Russia’s newly named foreign minister, Igor Ivanov, told reporters yesterday that Russia’s foreign policy would remain unchanged under his stewardship. Following a Kremlin meeting with Russian President Boris Yeltsin, Ivanov said that the top priority of Russian foreign policy today is to ensure favorable external conditions for the continuation of Russia’s domestic democratic reforms. Russian Prime Minister Yevgeny Primakov, who reportedly proposed Ivanov for the Foreign Ministry post, was also present at yesterday’s meeting. The former foreign minister said that Yeltsin had praised Ivanov “as a specialist and professional” who “is also well accepted abroad.” Ivanov said that Yeltsin had given him “clear advice and strict instruction” to continue pursuing Russian foreign policy in a manner that would defend the country’s national interests while developing cooperation and partnership and ensuring international security and stability. He provided no specifics (Russian agencies, September 15).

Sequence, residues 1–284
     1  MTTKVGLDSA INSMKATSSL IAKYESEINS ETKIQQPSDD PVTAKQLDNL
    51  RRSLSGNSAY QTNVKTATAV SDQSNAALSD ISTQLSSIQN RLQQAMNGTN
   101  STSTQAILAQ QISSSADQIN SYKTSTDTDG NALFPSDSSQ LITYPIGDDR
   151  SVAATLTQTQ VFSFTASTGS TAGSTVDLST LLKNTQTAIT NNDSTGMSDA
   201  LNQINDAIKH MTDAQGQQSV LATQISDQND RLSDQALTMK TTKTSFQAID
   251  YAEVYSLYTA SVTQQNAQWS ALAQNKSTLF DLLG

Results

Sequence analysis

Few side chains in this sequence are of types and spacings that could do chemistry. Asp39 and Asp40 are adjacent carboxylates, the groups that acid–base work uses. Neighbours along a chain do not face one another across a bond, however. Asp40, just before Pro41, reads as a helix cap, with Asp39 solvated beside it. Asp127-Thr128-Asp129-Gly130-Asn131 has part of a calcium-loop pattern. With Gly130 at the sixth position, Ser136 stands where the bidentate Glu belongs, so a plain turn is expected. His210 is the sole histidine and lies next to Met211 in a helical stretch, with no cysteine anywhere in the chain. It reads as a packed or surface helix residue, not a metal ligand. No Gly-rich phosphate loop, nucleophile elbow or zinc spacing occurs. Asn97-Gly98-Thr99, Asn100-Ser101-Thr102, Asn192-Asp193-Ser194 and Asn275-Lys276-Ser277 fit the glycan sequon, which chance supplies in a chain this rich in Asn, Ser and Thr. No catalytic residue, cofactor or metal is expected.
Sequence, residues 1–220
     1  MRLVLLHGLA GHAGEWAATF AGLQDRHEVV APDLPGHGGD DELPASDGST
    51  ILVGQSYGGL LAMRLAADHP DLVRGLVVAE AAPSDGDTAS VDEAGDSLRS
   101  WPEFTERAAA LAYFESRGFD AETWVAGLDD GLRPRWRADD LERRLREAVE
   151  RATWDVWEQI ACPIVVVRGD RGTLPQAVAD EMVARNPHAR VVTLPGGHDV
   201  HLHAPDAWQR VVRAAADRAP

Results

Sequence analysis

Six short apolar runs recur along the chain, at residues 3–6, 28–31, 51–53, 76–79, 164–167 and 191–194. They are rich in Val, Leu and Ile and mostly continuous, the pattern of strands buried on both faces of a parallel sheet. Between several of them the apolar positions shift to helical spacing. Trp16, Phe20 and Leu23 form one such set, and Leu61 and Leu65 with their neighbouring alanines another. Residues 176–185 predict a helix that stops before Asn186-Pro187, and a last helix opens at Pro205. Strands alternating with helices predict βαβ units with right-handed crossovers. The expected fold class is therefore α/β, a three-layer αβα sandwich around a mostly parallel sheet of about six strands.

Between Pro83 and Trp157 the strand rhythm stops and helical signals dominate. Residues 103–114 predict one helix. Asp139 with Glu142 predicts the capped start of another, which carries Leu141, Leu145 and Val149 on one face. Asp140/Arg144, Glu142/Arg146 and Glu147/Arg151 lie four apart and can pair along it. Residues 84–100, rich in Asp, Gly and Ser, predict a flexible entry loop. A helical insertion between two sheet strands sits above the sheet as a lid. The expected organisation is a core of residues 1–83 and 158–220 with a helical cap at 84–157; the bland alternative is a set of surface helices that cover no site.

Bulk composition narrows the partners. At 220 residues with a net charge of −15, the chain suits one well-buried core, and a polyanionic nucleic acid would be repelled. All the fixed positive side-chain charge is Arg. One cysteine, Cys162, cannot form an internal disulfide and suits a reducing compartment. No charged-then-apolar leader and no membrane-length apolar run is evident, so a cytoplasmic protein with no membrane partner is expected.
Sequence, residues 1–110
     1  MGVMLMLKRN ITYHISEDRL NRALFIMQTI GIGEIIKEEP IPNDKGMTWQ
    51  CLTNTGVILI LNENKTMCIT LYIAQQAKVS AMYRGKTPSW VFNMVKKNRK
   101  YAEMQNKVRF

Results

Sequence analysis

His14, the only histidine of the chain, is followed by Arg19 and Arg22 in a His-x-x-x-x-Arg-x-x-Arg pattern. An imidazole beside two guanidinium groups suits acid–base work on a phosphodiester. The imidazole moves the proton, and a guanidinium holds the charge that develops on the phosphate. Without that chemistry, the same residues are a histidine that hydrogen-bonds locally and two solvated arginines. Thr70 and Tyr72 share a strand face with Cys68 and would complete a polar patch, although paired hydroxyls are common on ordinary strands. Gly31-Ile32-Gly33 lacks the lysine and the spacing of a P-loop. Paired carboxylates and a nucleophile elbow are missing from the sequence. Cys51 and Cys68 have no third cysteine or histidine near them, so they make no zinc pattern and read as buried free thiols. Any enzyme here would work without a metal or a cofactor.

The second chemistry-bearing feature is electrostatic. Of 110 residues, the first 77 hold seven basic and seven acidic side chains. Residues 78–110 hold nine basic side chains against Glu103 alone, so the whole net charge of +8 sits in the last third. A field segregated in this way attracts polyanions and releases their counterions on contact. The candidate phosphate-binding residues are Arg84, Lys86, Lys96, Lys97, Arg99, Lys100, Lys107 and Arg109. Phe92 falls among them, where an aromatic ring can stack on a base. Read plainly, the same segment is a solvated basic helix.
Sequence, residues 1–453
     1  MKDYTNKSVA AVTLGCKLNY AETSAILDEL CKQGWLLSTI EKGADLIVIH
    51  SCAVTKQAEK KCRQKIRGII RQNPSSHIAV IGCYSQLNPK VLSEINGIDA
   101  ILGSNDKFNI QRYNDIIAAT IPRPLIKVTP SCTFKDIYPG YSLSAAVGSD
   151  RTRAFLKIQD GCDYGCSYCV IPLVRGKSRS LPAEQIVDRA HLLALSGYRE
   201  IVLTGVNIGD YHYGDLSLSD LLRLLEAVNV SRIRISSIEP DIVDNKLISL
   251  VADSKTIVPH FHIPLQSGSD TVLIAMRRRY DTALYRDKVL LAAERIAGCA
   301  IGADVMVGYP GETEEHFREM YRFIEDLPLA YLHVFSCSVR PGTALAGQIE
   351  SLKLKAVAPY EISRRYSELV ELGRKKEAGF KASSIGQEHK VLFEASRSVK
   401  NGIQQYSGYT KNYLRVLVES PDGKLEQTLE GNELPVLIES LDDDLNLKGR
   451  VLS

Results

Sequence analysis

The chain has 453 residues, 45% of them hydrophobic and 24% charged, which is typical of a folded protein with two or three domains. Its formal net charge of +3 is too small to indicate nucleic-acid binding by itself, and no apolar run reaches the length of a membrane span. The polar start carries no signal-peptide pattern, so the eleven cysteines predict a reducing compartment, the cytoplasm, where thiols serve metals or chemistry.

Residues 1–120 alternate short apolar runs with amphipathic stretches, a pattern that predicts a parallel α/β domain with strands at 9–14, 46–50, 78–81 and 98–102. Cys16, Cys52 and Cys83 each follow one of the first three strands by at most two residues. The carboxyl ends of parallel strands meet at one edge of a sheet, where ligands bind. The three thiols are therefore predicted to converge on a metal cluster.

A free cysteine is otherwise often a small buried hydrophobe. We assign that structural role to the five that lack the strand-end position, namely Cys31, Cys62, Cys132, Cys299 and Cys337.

A source from Russia’s Foreign Ministry, meanwhile, was quoted yesterday as saying that immediate, wholesale personnel changes are not expected at the ministry in the wake of Primakov’s departure and Ivanov’s appointment. The number of deputy ministers has, however, been reduced from ten to eight, the source said. Ivanov had previously served as Primakov’s first deputy minister.
One personnel change in the Foreign Ministry involves the departure of retired Rear Admiral Yuri Zubakov, who was appointed to head the government administration. Zubakov had served as Yevgeny Primakov’s deputy–in charge of personnel matters–during Primakov’s earlier tenure as chief of Russia’s Foreign Security Service. Zubakov acted in the same capacity for Primakov when Primakov moved over in early 1996 to assume the foreign minister post (RTR, Russian agencies, September 15).
NEW SECURITY COUNCIL SECRETARY NAMED.